What’s what – the inner workings of a notebook computer

This time it’s about the Interior of notebooks. It is helpful to read our previous article about the construction of PCs, because the construction is not that different – everything is just a bit smaller and more compact. In principle, however, everything that is also available in the PC is found 1:1 in the notebook.

As examples Lenovo ThinkPad X280 (business notebook) and a Alienware M17x (gaming notebook). Whereby the construction of an Alienware gaming laptop doesn’t differ much from that of a mobile workstation (e.g. a laptop). B. differentiated by Dell). The case is just a different one – with more blinking lights and cooler design. ;)

Lenovo ThinkPad X280

Dell Alienware M17x

1. Processor/s

Everything I have written about CPUs in PCs also applies here – especially that Problem with the dissipation of the waste heat. While this can be achieved in a PC by using an appropriately sized heat sink (z. B. a fan) is solved, cooling in a notebook turns out to be a bit more difficult. Because there is much less air in the small case of a laptop and thus it is almost impossible to create a constant air flow that provides enough cooling for a fast CPU.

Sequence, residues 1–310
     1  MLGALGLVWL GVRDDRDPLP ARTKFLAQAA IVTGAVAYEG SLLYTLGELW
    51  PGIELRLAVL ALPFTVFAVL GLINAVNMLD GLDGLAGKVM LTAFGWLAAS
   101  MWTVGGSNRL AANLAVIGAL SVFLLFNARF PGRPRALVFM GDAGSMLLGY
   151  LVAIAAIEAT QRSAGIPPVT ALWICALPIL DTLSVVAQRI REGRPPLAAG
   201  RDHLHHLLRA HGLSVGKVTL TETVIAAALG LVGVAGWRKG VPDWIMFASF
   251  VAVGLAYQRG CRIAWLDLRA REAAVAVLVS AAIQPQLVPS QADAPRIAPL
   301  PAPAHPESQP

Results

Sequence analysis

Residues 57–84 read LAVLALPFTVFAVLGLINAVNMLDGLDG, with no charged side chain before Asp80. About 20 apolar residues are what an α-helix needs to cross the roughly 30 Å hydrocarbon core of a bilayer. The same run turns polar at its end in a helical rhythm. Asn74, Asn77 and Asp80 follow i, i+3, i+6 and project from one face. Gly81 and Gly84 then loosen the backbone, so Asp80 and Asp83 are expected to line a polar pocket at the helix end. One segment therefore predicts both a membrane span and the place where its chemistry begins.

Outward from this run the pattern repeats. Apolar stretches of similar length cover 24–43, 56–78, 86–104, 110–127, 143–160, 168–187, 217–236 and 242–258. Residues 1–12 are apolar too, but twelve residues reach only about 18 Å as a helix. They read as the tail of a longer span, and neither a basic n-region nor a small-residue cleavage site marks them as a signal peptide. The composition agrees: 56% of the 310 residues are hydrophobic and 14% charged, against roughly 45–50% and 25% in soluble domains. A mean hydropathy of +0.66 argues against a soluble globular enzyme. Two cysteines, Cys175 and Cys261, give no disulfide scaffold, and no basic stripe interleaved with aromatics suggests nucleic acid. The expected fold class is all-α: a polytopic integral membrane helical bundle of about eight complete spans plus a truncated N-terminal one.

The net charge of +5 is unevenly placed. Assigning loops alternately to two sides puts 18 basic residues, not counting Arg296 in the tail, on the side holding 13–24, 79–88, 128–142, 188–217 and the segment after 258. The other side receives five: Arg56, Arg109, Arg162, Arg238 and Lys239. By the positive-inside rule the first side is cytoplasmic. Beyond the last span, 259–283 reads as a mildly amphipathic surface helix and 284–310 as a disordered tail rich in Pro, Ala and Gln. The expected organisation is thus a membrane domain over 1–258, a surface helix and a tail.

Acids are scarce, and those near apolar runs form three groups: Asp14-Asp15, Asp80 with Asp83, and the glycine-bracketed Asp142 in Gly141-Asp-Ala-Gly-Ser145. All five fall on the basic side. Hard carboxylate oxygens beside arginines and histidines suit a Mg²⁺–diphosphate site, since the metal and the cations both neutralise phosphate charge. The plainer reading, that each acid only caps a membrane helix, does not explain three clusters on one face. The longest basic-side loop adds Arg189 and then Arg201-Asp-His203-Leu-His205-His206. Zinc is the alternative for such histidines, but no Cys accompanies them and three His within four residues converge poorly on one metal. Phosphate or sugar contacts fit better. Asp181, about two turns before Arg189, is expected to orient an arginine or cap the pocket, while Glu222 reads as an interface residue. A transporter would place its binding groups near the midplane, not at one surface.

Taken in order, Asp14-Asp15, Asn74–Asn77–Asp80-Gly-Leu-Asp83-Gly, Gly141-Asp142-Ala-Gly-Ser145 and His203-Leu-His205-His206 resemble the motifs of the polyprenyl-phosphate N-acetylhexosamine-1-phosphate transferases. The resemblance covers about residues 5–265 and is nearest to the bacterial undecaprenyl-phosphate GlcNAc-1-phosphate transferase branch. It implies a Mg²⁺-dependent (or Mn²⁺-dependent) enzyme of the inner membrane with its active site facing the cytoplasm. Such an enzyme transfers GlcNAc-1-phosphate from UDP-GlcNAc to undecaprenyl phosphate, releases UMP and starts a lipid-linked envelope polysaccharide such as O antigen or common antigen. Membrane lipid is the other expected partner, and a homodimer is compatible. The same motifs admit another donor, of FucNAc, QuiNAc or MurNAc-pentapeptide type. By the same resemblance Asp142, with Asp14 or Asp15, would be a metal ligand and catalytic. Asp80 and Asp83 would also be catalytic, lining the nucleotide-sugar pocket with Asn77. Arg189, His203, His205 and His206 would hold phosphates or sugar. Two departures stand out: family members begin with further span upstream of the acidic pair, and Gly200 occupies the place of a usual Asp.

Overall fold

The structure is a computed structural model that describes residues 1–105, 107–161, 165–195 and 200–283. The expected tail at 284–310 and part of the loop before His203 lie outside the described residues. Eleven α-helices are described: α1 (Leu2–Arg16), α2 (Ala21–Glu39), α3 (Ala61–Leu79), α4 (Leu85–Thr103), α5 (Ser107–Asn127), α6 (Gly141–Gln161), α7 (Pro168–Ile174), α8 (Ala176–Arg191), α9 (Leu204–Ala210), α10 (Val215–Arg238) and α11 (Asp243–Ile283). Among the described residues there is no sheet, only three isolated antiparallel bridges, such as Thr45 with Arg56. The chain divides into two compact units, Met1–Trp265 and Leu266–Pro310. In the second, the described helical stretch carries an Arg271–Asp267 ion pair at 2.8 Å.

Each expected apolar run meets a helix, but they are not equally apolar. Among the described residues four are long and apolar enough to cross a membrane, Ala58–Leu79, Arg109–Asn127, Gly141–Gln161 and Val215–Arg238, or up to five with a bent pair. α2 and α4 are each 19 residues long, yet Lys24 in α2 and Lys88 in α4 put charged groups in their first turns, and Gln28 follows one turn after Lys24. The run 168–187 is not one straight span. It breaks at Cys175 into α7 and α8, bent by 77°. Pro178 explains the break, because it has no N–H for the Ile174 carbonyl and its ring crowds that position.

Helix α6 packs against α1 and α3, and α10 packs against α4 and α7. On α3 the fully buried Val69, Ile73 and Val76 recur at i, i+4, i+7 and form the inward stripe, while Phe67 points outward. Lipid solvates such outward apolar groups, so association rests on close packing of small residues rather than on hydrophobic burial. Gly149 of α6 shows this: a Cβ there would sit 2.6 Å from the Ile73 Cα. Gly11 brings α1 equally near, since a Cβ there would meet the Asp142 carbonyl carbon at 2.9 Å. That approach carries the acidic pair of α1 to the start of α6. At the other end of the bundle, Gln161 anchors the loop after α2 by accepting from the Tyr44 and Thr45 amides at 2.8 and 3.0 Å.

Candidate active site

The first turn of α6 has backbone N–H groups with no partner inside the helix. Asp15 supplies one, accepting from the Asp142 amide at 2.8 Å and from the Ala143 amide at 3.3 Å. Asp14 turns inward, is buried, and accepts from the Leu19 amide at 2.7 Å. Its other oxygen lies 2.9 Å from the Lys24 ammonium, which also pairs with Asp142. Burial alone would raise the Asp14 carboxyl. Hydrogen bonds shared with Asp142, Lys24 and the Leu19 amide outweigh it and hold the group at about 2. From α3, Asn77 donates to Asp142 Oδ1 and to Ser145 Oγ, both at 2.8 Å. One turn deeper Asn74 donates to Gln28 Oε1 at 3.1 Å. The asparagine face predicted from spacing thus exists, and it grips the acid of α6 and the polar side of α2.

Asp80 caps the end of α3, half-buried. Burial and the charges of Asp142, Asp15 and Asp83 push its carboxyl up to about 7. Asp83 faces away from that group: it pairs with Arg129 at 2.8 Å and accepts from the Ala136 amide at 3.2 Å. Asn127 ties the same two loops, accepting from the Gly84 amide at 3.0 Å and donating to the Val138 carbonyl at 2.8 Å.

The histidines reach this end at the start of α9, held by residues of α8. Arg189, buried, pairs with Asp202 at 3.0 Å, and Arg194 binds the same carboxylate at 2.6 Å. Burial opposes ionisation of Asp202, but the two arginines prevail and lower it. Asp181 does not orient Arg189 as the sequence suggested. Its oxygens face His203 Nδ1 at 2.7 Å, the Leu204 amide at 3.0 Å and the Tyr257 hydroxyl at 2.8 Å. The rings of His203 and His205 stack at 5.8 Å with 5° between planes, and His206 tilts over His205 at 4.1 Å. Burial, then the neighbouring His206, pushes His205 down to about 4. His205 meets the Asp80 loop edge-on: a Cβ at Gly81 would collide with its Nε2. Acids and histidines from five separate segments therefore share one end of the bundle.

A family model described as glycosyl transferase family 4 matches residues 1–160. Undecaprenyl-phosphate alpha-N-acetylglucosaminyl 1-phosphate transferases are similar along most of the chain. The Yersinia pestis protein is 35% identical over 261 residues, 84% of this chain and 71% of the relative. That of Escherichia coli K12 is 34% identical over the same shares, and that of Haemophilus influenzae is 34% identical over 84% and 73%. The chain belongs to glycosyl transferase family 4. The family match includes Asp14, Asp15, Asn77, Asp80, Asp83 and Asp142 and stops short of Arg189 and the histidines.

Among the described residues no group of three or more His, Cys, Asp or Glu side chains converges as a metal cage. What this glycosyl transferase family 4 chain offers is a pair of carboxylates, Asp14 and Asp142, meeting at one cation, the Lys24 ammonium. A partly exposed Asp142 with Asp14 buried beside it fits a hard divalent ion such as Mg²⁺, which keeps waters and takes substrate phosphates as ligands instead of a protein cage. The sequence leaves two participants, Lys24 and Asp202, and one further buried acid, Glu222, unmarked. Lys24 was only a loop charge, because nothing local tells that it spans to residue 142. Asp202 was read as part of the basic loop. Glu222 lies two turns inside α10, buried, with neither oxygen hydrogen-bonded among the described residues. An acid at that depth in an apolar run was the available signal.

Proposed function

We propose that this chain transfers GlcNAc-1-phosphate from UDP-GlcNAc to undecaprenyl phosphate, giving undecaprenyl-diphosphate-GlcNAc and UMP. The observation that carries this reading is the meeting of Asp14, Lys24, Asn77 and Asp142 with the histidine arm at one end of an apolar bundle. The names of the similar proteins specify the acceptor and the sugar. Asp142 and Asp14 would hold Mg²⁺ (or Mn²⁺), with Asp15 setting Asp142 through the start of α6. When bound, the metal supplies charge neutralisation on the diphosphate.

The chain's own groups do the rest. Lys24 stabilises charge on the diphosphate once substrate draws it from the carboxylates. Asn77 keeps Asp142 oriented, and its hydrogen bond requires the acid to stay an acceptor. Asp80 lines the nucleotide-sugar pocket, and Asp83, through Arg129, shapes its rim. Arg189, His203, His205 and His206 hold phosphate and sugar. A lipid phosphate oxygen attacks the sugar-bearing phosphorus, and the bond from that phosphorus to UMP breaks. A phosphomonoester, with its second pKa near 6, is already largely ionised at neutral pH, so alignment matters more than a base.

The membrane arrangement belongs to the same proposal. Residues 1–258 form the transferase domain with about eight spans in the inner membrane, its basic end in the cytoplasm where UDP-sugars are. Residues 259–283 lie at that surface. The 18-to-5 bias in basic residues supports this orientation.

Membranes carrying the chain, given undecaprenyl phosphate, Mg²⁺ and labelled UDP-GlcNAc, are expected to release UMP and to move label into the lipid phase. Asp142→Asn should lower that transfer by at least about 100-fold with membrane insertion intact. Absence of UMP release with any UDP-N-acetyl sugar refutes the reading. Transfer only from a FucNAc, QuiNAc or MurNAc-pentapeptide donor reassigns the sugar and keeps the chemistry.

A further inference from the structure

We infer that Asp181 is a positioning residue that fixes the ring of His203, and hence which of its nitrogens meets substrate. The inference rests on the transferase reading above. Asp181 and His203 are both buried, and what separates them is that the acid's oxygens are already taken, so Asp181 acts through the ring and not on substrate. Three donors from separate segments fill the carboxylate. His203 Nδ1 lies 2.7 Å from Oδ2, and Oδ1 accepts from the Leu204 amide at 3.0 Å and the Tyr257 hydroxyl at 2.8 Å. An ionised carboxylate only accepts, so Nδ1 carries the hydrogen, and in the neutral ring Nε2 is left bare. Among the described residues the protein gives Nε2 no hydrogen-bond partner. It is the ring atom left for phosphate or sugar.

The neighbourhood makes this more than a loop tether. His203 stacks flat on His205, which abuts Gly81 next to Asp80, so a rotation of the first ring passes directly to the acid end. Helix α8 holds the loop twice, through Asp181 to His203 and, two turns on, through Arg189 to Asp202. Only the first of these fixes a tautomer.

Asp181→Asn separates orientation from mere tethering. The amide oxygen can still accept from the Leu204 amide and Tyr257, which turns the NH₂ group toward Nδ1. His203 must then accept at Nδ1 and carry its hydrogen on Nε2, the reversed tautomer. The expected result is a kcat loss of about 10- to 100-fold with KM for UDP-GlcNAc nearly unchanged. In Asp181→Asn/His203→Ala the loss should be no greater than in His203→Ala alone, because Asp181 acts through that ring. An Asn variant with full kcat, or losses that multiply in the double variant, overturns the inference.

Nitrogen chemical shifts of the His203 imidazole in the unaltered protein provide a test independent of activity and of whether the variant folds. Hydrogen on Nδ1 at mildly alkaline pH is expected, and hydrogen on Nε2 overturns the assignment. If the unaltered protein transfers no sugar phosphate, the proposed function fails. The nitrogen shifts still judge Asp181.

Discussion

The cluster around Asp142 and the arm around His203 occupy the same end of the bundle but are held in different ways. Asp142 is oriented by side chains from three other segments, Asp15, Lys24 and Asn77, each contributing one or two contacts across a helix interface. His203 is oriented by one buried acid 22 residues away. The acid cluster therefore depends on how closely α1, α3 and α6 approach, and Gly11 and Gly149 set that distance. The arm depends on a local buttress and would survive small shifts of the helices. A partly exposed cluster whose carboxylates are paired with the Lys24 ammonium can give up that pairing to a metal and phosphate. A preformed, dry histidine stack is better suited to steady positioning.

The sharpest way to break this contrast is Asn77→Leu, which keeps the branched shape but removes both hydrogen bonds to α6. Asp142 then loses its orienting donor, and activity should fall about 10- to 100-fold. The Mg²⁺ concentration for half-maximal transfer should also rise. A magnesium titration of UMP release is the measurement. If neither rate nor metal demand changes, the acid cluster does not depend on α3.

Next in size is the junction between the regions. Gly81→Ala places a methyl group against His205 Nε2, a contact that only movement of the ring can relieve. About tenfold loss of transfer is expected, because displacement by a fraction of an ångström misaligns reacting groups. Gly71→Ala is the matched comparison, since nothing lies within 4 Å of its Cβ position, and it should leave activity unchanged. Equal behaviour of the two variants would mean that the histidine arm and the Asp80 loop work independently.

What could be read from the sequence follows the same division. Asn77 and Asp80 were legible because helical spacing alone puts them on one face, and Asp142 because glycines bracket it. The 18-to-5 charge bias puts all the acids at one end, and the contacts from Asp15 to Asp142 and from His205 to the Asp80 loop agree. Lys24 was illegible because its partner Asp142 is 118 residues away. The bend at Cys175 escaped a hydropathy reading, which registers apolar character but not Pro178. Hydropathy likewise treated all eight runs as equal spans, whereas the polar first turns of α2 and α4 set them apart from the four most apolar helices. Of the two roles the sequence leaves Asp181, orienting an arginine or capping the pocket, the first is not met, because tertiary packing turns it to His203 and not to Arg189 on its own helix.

Only at the edges of the notebook case the air can really be moved by pulling it into the case and blowing it out again almost at the same point. So, it’s not possible to lead the air to a CPU heat sink if the CPU isn’t installed on the case’s edge. However, since this is not usually the case, so-called Heatpipes The heat sinks are used, which lead the processor’s heat over a longer distance to the heatsink situated on the edge.

Mobile CPUs are altogether more power efficient and less powerful than PC processors. This generates less waste heat and prevents the notebook from heating up so much inside that it has to switch off automatically in order not to take damage.

35 watt CPUs in comparison to 90 watt CPUs in a PC limit the performance noticeably. This doesn’t mean that mobile processors are slower in normal use, they just reach their limits faster. Whereby it is difficult to reach these limits in normal everyday life, if games aren’t played on the notebook.

2. Working memory

The modules are smaller (S0DIMMs) than those of PCs, and there are fewer slots. The slots are also angled at 90°.